The independent news organization of Duke University

Ballers and beats: Ranking NBA players' mixtapes

Though it may be blasphemous to say, especially during March Madness, I am a much bigger fan of the NBA than college basketball. The NBA has exciting basketball at the highest level and larger-than-life players who are exciting to follow both on and off the court. Many of these players express their interests outside of basketball, often branding themselves as connoisseurs in fashion. A select few players, however, create music for their fans to enjoy. So, instead of filling out a bracket, I decided to rank some famous ballers’ recent music drops. While this list is by no means exhaustive, I limited myself to my five favorite projects released by NBA players.

JJ Redick (Duke alum!)

JJ Redick, T’06, gets a special shoutout. Not because he released good music, or even because he’s released music at all. Rather, because he told people he was going to release an album and never did, as far as I can find. I’m disappointed because I was actually really excited to listen to it.

Lonzo Ball

Many things can be said about Lonzo Ball. He’s one-third of the Ball Brothers currently making headlines in the NBA, and the son of one of the most notorious sports fathers in our current media landscape. After being drafted at number two by the LA Lakers in the 2017 NBA draft, Ball later found his footing as an emerging star on the Chicago Bulls. While he’s fun to watch on the court, off the court, he’s known to have dabbled in music, releasing the single “Zo2” in 2017. It’s a fun song, but it didn’t particularly impress me, just because it felt like an imitation of Migos or Future’s sound.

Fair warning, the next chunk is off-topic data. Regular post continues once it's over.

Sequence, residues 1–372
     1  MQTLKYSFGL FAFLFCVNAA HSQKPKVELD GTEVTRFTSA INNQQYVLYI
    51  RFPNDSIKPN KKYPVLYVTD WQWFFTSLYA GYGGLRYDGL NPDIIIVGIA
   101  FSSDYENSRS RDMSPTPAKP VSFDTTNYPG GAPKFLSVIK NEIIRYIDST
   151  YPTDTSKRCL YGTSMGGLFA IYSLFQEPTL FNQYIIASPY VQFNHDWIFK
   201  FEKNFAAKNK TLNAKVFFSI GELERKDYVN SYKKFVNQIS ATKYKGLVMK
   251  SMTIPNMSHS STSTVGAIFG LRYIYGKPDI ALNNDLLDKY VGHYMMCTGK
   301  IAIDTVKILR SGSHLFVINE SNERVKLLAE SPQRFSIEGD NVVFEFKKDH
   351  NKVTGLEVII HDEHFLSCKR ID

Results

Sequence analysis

Lonzo has, however, recently released a collaboration album with his brother LiAngelo (under the pseudonym G Honcho), titled “Ball-Star Pack.” Has Lonzo found a greater sense of identity in terms of his rap performance on this record? Yes, he’s definitely improved. However, I have to admit that LiAngelo upstaged Lonzo on many of the songs on this album, with his great rapid-fire flow and effortless glide over the beat. Similar to his balling, however, Lonzo does seem to be on an upward trajectory in terms of his music, so there’s definitely music to look forward to in the future from him.

Miles Bridges

Now is the time when I have to lay out my biases — Miles Bridges is perhaps among my favorite players currently playing in the NBA. He plays for my adoptive hometown team, the Charlotte Hornets, and he’s from Flint, Michigan, around which I grew up. Additionally, his dunks are some of the best in the league. Needless to say, I was very excited to listen to his most recent mixtape, dropped under his pseudonym RTB MB, titled “MB VANDROSS.”

I genuinely thought it was a pretty unique listen. Something that can definitely be said about Bridges is that he has a knack for selecting good beats, of which he’s able to rap effortlessly over. My favorite song off the mixtape was “100 Hoes,” merely because the beat is so vibrant and bouncy. On the flip side, I have to admit to myself, I very likely wouldn’t be as impressed with this mixtape as I currently am if it wasn’t created by one of my favorite ballers in the league at the moment. Bridges doesn’t have much to say outside of contemplations of fame and luxury. However, coming in at only 6 tracks, “MB VANDROSS” avoids overstaying its welcome.